Taylor Audio Clip 2
Mrs. Taylor speaks of Uncle Madison Cooper's untimely death, his last wishes, and his manner and reputation in the Waco social scene. . . (05:20 )
 

Sharpless  Okay. What do remember about Mr. Cooper’s death?

Taylor  Madison?

Sharpless  Yes, ma’am.

Taylor  Oh, it was just very traumatic. Oh, my word. It was terrible. I remember going to the hospital. He didn’t have to do that; he knew that it would kill him to do that.

Sharpless  To be out running?

Taylor  Uh-huh. They had told him. But he would not be a person that would linger on because he thought he had no one to look after him, and so he didn’t intend to stick around. So I think he purposely did that.

Sharpless  Literally ran himself to death?

Taylor  Yes, he would not be an invalid. He would not.

Sharpless  So what was going on when you got to the hospital?

Taylor  He was dead.

Sharpless  Uh-huh.

Taylor  I think he died almost immediately as soon as he got in the car. I think he had a massive heart attack or something, didn’t he? Stroke or whatever.

Sharpless  Uh-huh.

Taylor  I think he did it on purpose in that he would not be an invalid.

Sharpless  Uh-huh.

Taylor  His death was a big shock, and I was very upset with him because he didn’t have to do that. But that didn’t do any good.

Sharpless  Let me turn this tape right quick.

Taylor  I—I think I’ll be quiet. (laughs) Okay.

Sharpless  What do you remember about his funeral?

Taylor  Well, you know Madison, he had gone through his father and then his mother’s funeral. I think that the—what are the funeral people called?

Sharpless  Under—well, undertakers?

Taylor  Undertakers. I think they had taken him. Madison and the Cooper family are Scotch and they have a lot of Scotch blood and I think Madison resented that very much and he wished to be buried in a pine box. He did not wish to be—whatever they do to people.

Sharpless  Embalmed.

Taylor  Embalmed. He wanted to be put in a pine box and put in there with a blanket wrapped around him and put in the ground. I think the funeral parlor was so disgusted that they did that free of charge. (laughs) So that’s the way he was buried because he did not believe in all that.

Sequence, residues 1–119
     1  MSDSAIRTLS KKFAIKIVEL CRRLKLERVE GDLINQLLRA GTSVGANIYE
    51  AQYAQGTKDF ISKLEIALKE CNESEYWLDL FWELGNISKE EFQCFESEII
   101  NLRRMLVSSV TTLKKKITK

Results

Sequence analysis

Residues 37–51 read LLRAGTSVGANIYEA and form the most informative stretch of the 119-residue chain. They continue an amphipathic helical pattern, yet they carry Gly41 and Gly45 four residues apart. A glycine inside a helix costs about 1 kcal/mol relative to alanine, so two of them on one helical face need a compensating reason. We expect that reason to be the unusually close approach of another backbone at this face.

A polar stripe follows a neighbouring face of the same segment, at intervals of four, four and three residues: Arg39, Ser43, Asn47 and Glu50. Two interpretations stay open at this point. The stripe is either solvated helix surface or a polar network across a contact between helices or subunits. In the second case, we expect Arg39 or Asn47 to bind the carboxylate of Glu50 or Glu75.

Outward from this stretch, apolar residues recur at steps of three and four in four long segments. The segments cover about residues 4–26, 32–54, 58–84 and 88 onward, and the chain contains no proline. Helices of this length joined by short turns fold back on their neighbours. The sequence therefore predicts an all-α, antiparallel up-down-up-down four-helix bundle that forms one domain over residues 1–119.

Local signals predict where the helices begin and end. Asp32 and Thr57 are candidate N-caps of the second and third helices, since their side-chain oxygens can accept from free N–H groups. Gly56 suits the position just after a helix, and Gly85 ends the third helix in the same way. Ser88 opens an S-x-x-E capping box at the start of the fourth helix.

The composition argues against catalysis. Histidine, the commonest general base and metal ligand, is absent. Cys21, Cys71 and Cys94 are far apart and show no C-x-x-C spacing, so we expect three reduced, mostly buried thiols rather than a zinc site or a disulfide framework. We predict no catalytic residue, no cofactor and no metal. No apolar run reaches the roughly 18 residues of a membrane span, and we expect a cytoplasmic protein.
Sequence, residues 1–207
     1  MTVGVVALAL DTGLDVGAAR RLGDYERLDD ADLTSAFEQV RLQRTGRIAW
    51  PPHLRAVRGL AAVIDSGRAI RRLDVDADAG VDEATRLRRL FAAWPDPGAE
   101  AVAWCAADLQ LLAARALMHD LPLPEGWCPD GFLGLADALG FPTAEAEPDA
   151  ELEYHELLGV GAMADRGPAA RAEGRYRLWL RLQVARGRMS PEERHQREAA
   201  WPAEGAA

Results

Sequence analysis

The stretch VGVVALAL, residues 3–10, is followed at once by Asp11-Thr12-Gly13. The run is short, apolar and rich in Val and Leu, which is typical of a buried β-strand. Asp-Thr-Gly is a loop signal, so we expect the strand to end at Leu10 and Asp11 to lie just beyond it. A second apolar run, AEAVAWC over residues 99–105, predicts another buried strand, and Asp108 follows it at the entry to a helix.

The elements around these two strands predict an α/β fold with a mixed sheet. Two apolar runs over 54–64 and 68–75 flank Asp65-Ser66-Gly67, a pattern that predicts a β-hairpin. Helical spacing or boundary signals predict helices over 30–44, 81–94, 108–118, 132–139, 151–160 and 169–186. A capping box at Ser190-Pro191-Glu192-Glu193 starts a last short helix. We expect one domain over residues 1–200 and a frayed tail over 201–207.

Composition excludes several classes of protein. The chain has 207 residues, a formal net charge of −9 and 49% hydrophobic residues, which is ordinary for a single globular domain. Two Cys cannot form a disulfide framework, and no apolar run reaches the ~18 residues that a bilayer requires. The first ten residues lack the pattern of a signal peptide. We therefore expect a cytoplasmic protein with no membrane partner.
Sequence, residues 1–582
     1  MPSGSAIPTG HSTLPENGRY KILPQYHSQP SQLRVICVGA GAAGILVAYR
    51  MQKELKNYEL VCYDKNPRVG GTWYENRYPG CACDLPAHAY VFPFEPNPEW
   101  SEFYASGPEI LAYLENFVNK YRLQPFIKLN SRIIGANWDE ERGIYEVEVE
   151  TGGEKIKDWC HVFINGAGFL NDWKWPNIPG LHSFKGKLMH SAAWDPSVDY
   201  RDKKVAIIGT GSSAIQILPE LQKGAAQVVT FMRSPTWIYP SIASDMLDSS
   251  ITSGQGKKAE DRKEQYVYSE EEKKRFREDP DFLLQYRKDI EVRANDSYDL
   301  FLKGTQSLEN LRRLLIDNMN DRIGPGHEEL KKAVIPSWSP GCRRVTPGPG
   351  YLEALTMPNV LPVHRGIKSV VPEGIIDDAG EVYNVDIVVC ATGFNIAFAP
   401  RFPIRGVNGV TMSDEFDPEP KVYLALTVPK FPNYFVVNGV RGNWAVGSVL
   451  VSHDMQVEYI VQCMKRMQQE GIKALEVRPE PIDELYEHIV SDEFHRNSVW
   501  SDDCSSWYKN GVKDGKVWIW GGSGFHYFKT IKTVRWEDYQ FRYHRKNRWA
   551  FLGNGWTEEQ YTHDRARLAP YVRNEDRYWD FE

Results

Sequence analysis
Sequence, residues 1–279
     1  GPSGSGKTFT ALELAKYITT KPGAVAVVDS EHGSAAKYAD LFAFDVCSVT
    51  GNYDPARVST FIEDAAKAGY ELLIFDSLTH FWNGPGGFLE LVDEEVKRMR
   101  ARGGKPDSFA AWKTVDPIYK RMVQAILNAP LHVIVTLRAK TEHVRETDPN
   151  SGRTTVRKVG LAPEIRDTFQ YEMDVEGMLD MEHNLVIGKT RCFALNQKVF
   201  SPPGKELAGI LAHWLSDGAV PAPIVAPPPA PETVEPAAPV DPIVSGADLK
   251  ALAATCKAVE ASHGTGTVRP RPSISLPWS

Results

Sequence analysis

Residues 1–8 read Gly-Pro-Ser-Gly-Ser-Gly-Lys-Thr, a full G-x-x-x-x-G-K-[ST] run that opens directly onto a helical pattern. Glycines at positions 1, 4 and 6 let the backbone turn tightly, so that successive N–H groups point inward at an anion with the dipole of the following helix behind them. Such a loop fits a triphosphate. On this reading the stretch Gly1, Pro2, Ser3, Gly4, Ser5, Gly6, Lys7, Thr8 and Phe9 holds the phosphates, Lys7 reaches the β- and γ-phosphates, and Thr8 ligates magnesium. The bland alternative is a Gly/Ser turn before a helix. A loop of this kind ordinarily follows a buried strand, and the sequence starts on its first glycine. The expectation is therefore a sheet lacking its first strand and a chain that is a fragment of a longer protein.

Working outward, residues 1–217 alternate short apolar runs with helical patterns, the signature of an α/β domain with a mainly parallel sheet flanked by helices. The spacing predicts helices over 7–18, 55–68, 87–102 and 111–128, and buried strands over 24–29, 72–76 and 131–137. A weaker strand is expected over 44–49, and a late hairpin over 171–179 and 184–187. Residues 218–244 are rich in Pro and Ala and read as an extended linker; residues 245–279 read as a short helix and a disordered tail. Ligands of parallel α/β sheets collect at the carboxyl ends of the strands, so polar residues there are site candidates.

Sharpless  Your family is Presbyterian, right?

Taylor  Yes, yes.

Sharpless  Do you have any connect—any memories of Madison and the church?

Taylor  Well, Madison and I would sit on the back row at church. Yes, we saw each other there.

Sharpless  Why did you sit on the back row?

Taylor  That’s where he wanted to sit and it suited me fine. So we sat on the back row. He was not the usual, run-of-the-mill type person. And—

Sharpless  What do you think was most distinctive about him?

Taylor  I don’t know. He was a very handsome man, a very striking man. Not a very friendly person, I don’t think. Marvelous sense of humor, wit.

Sharpless  Can you think of a good example of that?

Taylor  His living, I think. But he did what he wanted to do. He did not do anything he did not wish to do. I know a lovely lady in Waco that kept trying to get—pin him down to dinner parties and escorts and all that, and she never pinned him down. I mean, she was trying to get him to take someone to a dinner or come to her house to dinner and be their escort. I know my husband’s mother—you saw her portrait in the other room—would visit here. And I thought that would be a nice thing to do. Well, he just vanished. He became invisible and he decided that was not for him. I think he knew I had that in mind. (laughs) But he—every time she would come and Margaret would keep saying, “I thought you had an uncle.” And I said, “Well, yes, I do have an uncle, but I’m not sure where he is right now.” So he was not a person that you pinned down, or that you could say, “He’s going to do this.” Because Madison did not do that. That’s the way he was.

Sharpless  Did he let Bertha take care of him?

Taylor  Well, he didn’t let anybody take care of him. No, no, no, no, no. That’s—he was very proud of his independence and being an individual and, you know. No, he would not every allow anyone to take care of him. That’s why I think that he killed himself. Well, killed himself by running himself to death.

Sharpless  Right.